View Full Version : Gunsights

10-06-2007, 01:59 PM
What are your personal faves for in cockpit gunsights? I like the types found on spits and hurricanes as they allow for a much better view. Opinions??

10-06-2007, 02:05 PM
I like the FW ones.. you know shift F1 i think repositions the view to the centre?

10-06-2007, 02:06 PM
The 190 bar.

10-06-2007, 02:24 PM
The sight in the Finnish Brewster is nice, apart from that I prefer the Spit/Hurri-sights.

10-06-2007, 02:35 PM
I rather like the one in the IAR-80. Just something about the early sights that catches my eye.

Besides that the Spitfire's, and the Warhawk's. Not sure why I like the latter's, I just do...

10-06-2007, 02:40 PM
P51 Gyro sight.

10-06-2007, 02:43 PM
The K-14 sight on the P-51D is nice.

The telescopic sight on the Ki43 is good because you can aim real well with it. But the limited view leads to target fixation.

The MC.200 series also have cool gunsights.

10-06-2007, 03:52 PM
What are the ones with the angled piece of glass, and how did that work? I saw one at the Mustangs & Legends Airshow last week, and told my brother they are a kind of WW2 HUD, because in IL2 we see the gunsight designator in them. But I don't have a clue how they worked...

10-06-2007, 06:27 PM
Deflector sights? They worked with mirrors, that's all I know.

10-06-2007, 09:31 PM
All sights in all planes are good when you have an enemy aircraft in them.

10-06-2007, 11:28 PM
I might be able to dig up something on the reflector gunsights.

Gimme' a few moments to stop being lazy. Then I'll start looking for it.


Page 7. (http://www.gbairspares.co.uk/reference/ap112e-ggs-mk5.pdf)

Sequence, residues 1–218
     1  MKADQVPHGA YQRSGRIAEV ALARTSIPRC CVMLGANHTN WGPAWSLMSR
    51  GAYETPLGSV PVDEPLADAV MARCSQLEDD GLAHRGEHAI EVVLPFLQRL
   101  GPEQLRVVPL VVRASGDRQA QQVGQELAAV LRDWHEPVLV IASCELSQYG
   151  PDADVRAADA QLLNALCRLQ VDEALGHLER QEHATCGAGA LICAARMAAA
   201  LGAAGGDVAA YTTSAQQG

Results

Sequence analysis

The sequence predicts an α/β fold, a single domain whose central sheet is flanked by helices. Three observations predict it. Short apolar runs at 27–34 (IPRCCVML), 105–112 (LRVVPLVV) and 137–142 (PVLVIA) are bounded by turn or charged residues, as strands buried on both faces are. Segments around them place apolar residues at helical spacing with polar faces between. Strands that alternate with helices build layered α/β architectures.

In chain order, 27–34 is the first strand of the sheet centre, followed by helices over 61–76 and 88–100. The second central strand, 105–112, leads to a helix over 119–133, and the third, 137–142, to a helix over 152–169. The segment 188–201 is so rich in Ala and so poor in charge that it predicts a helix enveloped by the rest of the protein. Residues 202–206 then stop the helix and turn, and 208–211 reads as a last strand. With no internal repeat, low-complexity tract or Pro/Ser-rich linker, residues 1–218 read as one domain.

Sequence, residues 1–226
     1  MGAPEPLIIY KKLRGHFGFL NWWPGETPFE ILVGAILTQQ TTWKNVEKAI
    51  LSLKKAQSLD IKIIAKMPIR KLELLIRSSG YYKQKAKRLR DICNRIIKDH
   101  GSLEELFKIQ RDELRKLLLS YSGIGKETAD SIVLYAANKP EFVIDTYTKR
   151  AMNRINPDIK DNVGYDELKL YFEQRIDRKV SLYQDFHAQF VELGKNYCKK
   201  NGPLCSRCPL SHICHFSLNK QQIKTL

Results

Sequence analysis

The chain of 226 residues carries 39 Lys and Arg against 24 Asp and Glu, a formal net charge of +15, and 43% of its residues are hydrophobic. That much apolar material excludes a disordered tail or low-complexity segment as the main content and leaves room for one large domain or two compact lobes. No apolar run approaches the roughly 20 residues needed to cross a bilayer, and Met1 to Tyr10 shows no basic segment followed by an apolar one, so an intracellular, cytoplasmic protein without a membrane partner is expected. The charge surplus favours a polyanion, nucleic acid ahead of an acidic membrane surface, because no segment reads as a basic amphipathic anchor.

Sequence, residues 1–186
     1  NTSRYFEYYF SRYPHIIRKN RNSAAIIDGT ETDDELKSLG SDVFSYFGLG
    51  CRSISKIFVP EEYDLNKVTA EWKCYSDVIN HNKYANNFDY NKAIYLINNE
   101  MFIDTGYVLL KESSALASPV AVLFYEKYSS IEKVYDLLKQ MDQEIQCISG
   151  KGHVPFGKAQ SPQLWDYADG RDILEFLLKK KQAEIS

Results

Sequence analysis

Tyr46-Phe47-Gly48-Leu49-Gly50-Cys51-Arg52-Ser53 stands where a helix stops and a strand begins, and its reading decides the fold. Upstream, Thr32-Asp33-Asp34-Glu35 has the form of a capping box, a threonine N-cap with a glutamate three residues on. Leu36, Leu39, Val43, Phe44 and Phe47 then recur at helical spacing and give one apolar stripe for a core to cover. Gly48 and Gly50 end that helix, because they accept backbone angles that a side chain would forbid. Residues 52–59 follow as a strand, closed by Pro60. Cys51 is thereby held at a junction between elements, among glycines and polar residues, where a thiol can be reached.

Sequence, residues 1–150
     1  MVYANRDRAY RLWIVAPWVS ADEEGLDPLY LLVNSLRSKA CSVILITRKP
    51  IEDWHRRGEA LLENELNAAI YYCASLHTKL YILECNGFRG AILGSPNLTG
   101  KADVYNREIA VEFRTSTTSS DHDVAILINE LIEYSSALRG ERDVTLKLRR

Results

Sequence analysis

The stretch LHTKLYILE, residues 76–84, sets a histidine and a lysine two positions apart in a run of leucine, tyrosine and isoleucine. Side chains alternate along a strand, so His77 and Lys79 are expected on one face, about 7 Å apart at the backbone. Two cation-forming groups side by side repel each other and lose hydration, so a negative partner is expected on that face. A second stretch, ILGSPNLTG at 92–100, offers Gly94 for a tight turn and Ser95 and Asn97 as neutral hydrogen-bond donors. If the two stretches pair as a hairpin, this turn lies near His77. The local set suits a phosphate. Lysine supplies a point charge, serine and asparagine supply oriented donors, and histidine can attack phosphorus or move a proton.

N-2 and N-3 gunsight manual (http://www.mediafire.com/?ezclwtxu2yg). Not sure what it says, just thought it was worth bringing up.

10-07-2007, 09:09 AM
i thought that ths would be a big discussion - given how vital the sights are and the shift +f1 joke

10-07-2007, 12:10 PM
Did you want the Shift-F1 to display something different? Another cockpit view?

10-07-2007, 12:19 PM
P-38 has the best gunsite.

10-09-2007, 09:18 PM
I'll try to be brief. A WWII era gun sight is an extremely simple affair. There are 4 main components, which I'll list in the order in which light travels through the device on the way toward your eye:

1) Lamp. Obviously, it provides the light for the image of the reticle you see.

2) Reticle. A pattern of cut-out lines/circles in an opaque material (sometimes sheet metal).

3) Collimator--the heart of the system. This is a convex lens, which in the simplest terms "focuses" the image of the reticle pattern. More precisely, the lens collimates the emergent image, making the otherwise divergent light bundles which comprise each point in the image parallel. This has the effect of making the reticle pattern appear to lie at infinity, instead of the actual distance it lies from your eye (~2 feet or so).